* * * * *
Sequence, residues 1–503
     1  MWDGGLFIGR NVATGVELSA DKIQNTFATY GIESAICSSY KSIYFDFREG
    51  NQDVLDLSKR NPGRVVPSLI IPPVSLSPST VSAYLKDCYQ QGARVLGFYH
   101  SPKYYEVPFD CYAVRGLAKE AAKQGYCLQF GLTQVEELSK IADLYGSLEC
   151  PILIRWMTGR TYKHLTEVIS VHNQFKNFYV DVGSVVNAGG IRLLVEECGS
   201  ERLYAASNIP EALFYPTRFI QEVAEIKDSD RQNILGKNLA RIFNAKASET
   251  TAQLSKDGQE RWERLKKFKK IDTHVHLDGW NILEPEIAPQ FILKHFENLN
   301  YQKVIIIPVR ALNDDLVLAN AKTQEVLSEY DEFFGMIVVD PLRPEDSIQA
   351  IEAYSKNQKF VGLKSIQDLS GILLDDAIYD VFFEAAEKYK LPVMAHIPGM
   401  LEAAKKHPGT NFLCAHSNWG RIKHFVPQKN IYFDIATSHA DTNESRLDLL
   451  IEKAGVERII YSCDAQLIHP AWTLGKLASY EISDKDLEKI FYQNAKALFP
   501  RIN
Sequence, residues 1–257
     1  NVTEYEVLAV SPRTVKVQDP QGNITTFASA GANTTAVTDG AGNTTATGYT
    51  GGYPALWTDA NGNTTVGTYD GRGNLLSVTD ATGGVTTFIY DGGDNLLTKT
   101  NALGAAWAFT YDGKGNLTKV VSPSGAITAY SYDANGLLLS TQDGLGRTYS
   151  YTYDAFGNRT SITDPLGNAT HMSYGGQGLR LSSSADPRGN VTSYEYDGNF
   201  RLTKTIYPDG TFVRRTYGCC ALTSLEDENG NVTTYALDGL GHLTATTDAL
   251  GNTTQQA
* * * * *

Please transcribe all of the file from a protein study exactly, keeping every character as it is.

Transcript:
Sequence, residues 1–503
     1  MWDGGLFIGR NVATGVELSA DKIQNTFATY GIESAICSSY KSIYFDFREG
    51  NQDVLDLSKR NPGRVVPSLI IPPVSLSPST VSAYLKDCYQ QGARVLGFYH
   101  SPKYYEVPFD CYAVRGLAKE AAKQGYCLQF GLTQVEELSK IADLYGSLEC
   151  PILIRWMTGR TYKHLTEVIS VHNQFKNFYV DVGSVVNAGG IRLLVEECGS
   201  ERLYAASNIP EALFYPTRFI QEVAEIKDSD RQNILGKNLA RIFNAKASET
   251  TAQLSKDGQE RWERLKKFKK IDTHVHLDGW NILEPEIAPQ FILKHFENLN
   301  YQKVIIIPVR ALNDDLVLAN AKTQEVLSEY DEFFGMIVVD PLRPEDSIQA
   351  IEAYSKNQKF VGLKSIQDLS GILLDDAIYD VFFEAAEKYK LPVMAHIPGM
   401  LEAAKKHPGT NFLCAHSNWG RIKHFVPQKN IYFDIATSHA DTNESRLDLL
   451  IEKAGVERII YSCDAQLIHP AWTLGKLASY EISDKDLEKI FYQNAKALFP
   501  RIN
Sequence, residues 1–257
     1  NVTEYEVLAV SPRTVKVQDP QGNITTFASA GANTTAVTDG AGNTTATGYT
    51  GGYPALWTDA NGNTTVGTYD GRGNLLSVTD ATGGVTTFIY DGGDNLLTKT
   101  NALGAAWAFT YDGKGNLTKV VSPSGAITAY SYDANGLLLS TQDGLGRTYS
   151  YTYDAFGNRT SITDPLGNAT HMSYGGQGLR LSSSADPRGN VTSYEYDGNF
   201  RLTKTIYPDG TFVRRTYGCC ALTSLEDENG NVTTYALDGL GHLTATTDAL
   251  GNTTQQA